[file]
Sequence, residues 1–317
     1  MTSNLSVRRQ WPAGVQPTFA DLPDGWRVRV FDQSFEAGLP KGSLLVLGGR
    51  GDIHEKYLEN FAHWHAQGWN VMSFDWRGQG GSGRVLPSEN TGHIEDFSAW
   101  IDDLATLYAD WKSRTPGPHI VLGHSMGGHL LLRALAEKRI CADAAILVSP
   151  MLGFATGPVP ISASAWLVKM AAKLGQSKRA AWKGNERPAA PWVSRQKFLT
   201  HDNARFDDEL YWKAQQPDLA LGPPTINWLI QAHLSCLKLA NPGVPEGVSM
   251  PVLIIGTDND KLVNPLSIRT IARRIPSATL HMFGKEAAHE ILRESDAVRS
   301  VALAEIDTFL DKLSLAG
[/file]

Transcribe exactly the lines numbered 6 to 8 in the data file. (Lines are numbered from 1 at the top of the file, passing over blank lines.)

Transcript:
   201  HDNARFDDEL YWKAQQPDLA LGPPTINWLI QAHLSCLKLA NPGVPEGVSM
   251  PVLIIGTDND KLVNPLSIRT IARRIPSATL HMFGKEAAHE ILRESDAVRS
   301  VALAEIDTFL DKLSLAG